MEES Minimum Energy Efficiency Standards

MEES Minimum Energy Efficiency Standards

I’ve outlined below some of the key points relating to the Minimum Energy Efficiency Standards (MEES) for dwellings:


  • 1 April 2018 – It will be unlawful to grant new leases of residential or commercial property with an EPC rating below an ‘E’
  • 1 April 2020 – The regulation will expand to apply to ALL residential privately rented property which are required to have an EPC.

It is understood the intention is to make these standards progressive, with an expected rise to a minimum of D by 2025.

Potential penalties

The system will be enforced by Local Authorities, with maxiumum penalties as follows (max penalty per property £5,000)

    • £2,000 for letting a sub-standard property for less than 3 months
    • £4,000 for letting a sub-standard property for more than 3 months
    • £1,000 False information on PRS Exemptions register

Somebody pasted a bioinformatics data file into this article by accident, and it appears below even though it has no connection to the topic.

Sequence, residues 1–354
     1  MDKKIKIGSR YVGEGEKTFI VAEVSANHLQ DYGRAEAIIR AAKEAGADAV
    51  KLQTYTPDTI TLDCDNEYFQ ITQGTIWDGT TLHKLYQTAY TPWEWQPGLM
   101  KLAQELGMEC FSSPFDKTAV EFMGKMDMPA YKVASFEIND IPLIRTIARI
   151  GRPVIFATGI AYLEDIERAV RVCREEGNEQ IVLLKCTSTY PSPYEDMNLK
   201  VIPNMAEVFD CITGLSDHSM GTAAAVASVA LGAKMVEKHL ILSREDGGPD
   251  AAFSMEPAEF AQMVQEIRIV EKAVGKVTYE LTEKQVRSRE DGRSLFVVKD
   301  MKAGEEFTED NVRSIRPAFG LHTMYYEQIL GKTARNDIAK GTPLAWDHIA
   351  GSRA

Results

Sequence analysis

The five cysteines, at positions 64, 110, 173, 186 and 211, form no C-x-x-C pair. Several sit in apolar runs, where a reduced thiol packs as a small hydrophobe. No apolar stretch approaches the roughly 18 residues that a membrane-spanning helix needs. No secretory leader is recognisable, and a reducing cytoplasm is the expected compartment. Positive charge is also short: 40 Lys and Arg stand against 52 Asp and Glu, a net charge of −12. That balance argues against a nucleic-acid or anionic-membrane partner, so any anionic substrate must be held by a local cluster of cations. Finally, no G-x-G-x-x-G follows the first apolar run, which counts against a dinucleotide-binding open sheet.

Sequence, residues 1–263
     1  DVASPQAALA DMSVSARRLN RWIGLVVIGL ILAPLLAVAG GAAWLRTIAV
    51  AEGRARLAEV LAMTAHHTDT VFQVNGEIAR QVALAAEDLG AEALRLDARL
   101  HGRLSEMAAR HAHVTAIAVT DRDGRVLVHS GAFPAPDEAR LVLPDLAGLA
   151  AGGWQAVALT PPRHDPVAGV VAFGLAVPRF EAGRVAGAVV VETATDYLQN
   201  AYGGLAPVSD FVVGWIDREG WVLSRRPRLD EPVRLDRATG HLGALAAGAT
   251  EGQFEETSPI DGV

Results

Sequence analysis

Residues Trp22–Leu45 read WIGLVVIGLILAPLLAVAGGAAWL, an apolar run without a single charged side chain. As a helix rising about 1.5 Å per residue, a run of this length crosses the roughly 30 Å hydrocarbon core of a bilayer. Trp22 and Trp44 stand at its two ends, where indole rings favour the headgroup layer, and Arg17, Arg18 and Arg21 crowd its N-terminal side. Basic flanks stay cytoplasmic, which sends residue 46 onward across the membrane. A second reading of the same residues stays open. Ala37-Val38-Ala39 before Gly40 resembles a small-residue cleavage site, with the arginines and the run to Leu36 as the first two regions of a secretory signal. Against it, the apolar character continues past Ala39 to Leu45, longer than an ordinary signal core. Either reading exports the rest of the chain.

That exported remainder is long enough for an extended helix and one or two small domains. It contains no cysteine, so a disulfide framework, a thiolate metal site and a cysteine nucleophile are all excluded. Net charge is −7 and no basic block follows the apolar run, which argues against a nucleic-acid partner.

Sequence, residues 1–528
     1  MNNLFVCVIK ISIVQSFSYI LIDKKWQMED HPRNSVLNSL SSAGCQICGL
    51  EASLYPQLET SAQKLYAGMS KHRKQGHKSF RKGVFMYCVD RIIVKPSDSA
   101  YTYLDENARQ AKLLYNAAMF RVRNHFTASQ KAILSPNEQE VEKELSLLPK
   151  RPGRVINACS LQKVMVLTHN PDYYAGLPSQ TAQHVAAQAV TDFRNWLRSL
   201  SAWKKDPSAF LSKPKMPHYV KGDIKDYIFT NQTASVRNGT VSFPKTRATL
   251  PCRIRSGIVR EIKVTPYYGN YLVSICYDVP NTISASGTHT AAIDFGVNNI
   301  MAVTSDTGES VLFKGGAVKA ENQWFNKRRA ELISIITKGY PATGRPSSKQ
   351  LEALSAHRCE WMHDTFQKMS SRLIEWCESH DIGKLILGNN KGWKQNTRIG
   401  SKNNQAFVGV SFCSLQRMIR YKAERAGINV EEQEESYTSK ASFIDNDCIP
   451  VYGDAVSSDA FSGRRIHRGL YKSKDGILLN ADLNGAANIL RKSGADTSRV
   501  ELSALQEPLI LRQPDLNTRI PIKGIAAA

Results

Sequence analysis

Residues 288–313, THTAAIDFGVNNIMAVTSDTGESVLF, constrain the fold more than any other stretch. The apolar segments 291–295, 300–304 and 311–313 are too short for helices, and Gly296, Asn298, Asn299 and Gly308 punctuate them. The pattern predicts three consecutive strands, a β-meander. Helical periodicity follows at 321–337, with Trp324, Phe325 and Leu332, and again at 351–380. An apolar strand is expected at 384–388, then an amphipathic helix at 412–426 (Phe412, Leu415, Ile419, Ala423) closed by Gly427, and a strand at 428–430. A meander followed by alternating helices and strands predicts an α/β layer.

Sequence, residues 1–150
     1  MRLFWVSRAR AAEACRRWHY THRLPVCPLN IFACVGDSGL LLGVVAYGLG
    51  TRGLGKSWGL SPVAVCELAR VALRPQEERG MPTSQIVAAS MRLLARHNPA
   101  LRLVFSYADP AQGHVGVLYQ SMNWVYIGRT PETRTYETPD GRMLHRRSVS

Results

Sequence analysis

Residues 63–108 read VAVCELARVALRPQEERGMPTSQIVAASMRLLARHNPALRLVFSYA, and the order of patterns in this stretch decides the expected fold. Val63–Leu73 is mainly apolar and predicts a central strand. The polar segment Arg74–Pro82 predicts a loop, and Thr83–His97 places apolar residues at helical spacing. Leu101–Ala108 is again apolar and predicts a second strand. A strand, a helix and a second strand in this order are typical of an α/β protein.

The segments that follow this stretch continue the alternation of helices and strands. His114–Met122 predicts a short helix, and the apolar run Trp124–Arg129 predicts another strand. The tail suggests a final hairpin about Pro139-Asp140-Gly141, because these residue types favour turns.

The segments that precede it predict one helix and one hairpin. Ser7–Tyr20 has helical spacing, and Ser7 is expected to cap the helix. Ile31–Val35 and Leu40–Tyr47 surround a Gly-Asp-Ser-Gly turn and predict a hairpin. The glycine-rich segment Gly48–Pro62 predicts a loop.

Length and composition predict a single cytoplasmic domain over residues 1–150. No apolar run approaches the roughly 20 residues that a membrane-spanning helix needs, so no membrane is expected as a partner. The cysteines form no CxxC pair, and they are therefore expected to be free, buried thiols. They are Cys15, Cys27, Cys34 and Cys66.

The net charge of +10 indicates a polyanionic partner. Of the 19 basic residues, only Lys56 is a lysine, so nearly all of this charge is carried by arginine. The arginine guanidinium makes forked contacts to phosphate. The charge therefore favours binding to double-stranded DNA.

• £2,000 Failing to comply with a compliance notice

Circumstances where a landlord can register for an MEES exemption

  • All relevant energy efficiency improvements carried out and the property remains below an EPC Band E
  • A recommended measure cannot be wholly financed at no cost to the landlord is what it says at the moment, but this likely to be changed to a max cost of £2,500 inc VAT per property following the recent Consultation document
  • Where a certain energy efficiency measure cannot be installed due to its negative impact on the building’s fabric / structure
  • Third party consent cannot be obtained e.g. from tenant, planning permission
  • Installation of certain measures would reduce the properties market value by >5%

Solid wall properties

The EPC software was revised in mid- November 2017 and as part of these changes, the heat loss figures for solid stone and brick wall were improved. This means that on ratings on older properties may have improved, so it is worthwhile getting another EPC done before you do anything else to confirm the current rating of a property.

Listed buildings

The current situation with listed buildings is unclear – listed buildings being exempt from needing an EPC but MEES only exempting recommendations that conflict with the building’s listed status (rather than MEES exempting the building).

Clarification is needed from DCLG – I will post further info as soon as I have it.


Landlord guidance documents are here:

The PRS exemptions register is here:


Please get in touch if you have further questions.